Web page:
And this is what happened to us. One canceled card, no replacement, and a $25 fee. Nice. Way to go Chase. And this is what our taxpayer money goes to – bailing out bad banking practices to make the rich richer, the poor poorer, while screwing the middle class.
Takes boys from podium and steps up to the mike
Things should have failed. Maybe that is the wake up call we as a country and a world economy needed. Guess what? 80K a year isn’t rich. You are NOT among the top 1%. Not even the top 5%. So stop voting Republican to save fucking $50 on your taxes. So maybe you don’t need the brand new gas guzzling SUV. Maybe you really can’t afford the half a MILLION DOLLAR MORTGAGE. Maybe middle class isn’t middle class, maybe it’s working poor. Because if you lose your job, you’re not so deep in the shit that you’ll be homeless in a week and you won’t be able to feed your kids. Stop harassing poor mothers to have babies (pro-life my ass), then scoff when they can’t afford to feed them (maybe they were considering abortion for a REASON!?!). Stop locking up the baby formula and the funds for new school supplies, books, and education. Stop force feeding commercials that tell you that you can live like a rapper or rock star (ala MTV Cribs), splurge like Paris Hilton, and drive a car with a $700, 7- year monthly payment that you have to GIVE BACK at the end of the lease.Just charge it! Finance it! Lease it! It’s the new AMERICAN DREAM! Consolidate the rich, dumb down and debt-out the middle class and stomp down the poor. But they didn’t fail. American is in desperate need of major surgery and we just gave her a 1.2 Trillion dollar band-aid and two Advil to knock out the pain of life. Sigh. A revolution should be stirring, a revolt rising. Alas, we’re too busy being comfortably boiled into Chinese Dumplings.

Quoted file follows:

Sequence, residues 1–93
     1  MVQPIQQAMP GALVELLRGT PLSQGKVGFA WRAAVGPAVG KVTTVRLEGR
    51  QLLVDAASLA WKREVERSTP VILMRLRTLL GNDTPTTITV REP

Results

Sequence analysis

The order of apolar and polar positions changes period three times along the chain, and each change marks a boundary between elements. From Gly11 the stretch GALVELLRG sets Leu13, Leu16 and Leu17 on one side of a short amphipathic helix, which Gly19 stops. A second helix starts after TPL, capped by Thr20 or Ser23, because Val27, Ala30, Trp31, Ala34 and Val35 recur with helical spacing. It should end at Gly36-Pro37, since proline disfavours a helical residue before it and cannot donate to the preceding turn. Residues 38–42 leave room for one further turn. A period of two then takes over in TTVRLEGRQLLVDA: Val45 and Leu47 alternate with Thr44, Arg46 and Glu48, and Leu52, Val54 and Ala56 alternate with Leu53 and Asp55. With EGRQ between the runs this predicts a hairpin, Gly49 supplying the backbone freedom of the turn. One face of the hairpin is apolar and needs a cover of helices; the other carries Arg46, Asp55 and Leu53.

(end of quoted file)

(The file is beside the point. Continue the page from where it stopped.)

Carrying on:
Steps down from podium so the boy can go back to playing in the sink.